Google Acquires UK Startup That Turns Objects Into Speakers

Google acquired a United Kingdom-based startup Redux which specializes in technology that turns various objects with flat surfaces into speakers, as revealed by the British firm's website that went out of commission last year. The purchase itself wasn't publicized in any manner and has only been spotted by Bloomberg on Thursday, with estimates suggesting the deal being agreed in the second half of 2017 as the transfer of the startup's shares to a Google-owned Irish company was completed last month. No financial details of the acquisition are presently known, though the deal may have ended up being worth north of $10 million, with Redux raising half of that sum in capital funding last March alone.

The purpose of the purchase is equally unclear; while Redux boasted about its audio technology, it also held dozens of patents in related fields. Alternatively, Google may have primarily been interested in Redux's talent, with Alphabet's subsidiary being one of the remaining few Silicon Valley giants that still aren't afraid to take risks with direct talent acquisitions even though such moves are often unsuccessful and don't result in long-term employees. The Mountain View, California-based company has a long history of talent purchases, with the latest one being agreed late last year with HTC for approximately $1.1 billion. The acquisition is understood to have been absolute in nature and entirely paid off previous investors in Redux, including Arie Capital which led the startup's multi-million funding round in early 2017.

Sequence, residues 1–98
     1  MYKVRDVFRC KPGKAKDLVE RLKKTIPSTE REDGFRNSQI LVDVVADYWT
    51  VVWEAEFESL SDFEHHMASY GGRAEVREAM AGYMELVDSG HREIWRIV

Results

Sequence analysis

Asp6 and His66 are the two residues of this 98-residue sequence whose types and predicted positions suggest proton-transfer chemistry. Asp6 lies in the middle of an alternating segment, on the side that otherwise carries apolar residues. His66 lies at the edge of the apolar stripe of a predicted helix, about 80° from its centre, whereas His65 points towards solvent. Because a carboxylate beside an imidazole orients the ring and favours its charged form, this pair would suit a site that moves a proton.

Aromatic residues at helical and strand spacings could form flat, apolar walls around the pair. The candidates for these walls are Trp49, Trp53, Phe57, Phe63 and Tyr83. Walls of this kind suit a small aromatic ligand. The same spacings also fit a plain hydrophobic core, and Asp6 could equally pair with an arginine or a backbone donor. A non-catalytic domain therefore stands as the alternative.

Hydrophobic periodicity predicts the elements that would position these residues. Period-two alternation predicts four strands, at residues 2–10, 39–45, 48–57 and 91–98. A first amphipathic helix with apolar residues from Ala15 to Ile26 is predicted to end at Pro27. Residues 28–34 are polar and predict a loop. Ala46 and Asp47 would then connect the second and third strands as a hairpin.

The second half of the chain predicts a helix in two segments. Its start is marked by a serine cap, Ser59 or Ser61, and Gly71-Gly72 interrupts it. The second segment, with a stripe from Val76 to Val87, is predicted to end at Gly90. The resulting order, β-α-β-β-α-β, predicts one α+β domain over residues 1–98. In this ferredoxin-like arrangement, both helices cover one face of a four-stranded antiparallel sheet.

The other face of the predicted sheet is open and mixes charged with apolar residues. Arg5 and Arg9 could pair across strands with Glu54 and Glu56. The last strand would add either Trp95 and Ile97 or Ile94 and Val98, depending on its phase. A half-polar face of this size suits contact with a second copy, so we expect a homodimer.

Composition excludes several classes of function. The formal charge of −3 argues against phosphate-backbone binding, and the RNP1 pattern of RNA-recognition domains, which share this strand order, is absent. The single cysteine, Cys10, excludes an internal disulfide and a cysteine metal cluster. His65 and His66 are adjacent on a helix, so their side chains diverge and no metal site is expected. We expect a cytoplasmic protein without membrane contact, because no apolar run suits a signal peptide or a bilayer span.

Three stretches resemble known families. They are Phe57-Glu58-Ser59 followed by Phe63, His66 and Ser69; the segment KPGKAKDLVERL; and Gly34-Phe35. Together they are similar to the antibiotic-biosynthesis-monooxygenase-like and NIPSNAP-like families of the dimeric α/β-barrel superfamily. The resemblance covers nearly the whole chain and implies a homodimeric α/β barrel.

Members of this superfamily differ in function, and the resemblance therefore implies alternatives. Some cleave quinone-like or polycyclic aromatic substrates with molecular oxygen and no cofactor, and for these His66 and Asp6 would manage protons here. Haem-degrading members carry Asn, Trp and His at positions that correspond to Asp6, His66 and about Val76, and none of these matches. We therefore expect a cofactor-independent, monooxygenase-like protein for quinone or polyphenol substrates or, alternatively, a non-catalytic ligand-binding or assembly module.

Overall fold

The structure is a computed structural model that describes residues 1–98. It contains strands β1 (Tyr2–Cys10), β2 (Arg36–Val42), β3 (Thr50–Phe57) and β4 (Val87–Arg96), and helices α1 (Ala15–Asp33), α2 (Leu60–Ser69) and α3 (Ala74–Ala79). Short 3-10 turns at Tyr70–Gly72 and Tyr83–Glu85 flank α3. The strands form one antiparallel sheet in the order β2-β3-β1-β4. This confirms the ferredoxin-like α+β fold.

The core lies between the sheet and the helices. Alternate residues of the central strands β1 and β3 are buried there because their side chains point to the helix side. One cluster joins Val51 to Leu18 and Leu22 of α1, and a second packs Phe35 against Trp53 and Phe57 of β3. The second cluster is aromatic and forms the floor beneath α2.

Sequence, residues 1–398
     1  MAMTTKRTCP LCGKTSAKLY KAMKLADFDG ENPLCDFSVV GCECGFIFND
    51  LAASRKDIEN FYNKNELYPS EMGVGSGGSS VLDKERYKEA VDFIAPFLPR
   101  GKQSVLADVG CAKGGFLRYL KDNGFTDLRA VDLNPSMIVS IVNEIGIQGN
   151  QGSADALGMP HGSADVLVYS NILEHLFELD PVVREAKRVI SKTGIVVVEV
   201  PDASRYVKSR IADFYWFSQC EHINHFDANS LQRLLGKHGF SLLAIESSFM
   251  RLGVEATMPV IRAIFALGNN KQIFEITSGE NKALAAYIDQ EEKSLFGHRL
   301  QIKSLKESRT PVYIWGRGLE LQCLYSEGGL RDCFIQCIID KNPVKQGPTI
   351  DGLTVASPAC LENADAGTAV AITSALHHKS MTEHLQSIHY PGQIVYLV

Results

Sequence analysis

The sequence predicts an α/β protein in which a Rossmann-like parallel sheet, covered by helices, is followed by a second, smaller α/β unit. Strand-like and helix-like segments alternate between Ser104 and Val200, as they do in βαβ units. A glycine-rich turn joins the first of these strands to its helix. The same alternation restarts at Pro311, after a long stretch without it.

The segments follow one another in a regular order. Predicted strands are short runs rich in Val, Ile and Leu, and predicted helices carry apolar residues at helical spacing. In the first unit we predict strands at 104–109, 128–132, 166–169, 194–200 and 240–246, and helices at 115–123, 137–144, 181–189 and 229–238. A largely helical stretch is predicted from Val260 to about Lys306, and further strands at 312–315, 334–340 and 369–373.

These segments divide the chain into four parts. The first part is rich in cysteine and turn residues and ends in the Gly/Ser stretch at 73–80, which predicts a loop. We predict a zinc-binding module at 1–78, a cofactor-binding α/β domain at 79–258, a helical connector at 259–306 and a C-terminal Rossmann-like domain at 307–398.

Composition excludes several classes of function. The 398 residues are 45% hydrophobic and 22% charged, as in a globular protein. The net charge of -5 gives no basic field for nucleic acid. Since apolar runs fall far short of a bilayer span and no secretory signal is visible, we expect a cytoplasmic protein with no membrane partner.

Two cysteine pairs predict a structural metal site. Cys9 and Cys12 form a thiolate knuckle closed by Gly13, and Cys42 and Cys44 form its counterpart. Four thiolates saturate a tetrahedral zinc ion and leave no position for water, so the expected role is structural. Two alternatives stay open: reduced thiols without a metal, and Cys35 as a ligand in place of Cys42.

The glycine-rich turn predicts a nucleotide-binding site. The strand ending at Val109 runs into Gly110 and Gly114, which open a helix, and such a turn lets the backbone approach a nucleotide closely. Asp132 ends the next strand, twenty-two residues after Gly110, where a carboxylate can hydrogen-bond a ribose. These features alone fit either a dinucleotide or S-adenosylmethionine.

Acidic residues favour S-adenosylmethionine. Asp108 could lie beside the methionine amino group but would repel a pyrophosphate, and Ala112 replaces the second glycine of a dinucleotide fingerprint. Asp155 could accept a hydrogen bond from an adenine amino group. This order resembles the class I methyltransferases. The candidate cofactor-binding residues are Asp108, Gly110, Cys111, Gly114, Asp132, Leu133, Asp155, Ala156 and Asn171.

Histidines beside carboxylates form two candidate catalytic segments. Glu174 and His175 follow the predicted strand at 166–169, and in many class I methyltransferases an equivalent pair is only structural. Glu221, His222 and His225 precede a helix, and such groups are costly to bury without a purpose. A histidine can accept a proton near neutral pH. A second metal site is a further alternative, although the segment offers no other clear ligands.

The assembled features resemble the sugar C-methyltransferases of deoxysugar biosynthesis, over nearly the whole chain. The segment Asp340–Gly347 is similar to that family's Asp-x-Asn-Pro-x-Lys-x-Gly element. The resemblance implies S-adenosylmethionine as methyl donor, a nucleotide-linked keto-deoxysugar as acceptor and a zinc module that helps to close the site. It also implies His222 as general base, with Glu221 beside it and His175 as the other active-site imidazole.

Regardless of the exact motivation Google had to move forward with the purchase, the deal is widely interpreted as the latest step in the company's efforts to bolster its hardware division amid a major consumer electronics push which started in late 2016 and continued throughout last year, having led to the release of the Pixel Android flagship lineup and the Google Home range of smart speakers, as well as a number of artificial intelligence-powered gadgets such as the Pixel Buds and Google Clips. The firm's growing hardware ambitions also prompted it to establish a major presence at this year's Consumer Electronics Show in a bid to advertise its latest offerings. It remains to be seen how Redux's technology ends up being implemented into Google's future products and if it was even the main reason for the acquisition.

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Dominik Bosnjak

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Dominik started at AndroidHeadlines in 2016 and is the Head Editor of the site today. He’s approaching his first full decade in the media industry, with his background being primarily in technology, gaming, and entertainment. These days, his focus is more on the political side of the tech game, as well as data privacy issues, with him looking at both of those through the prism of Android. Contact him at [email protected]
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